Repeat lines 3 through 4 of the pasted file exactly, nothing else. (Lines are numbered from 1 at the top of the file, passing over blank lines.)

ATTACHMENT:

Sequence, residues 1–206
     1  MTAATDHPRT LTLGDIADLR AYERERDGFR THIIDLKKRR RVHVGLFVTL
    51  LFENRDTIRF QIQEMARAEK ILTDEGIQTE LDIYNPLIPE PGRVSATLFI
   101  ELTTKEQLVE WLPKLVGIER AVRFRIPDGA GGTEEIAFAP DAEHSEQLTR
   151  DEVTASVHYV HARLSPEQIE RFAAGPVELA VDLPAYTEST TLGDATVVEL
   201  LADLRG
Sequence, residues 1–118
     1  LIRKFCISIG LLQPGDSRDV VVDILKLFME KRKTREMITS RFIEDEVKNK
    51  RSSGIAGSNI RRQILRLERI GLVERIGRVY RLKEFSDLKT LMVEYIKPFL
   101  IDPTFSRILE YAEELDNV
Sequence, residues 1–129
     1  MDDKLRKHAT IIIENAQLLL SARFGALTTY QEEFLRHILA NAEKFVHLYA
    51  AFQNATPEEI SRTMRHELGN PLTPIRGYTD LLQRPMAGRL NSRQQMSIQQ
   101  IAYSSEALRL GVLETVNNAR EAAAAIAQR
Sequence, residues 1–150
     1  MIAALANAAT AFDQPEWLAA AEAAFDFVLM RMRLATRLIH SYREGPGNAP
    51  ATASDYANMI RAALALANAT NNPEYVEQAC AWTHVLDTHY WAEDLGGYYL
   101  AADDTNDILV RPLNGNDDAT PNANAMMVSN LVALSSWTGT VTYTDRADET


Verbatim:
    51  LFENRDTIRF QIQEMARAEK ILTDEGIQTE LDIYNPLIPE PGRVSATLFI
   101  ELTTKEQLVE WLPKLVGIER AVRFRIPDGA GGTEEIAFAP DAEHSEQLTR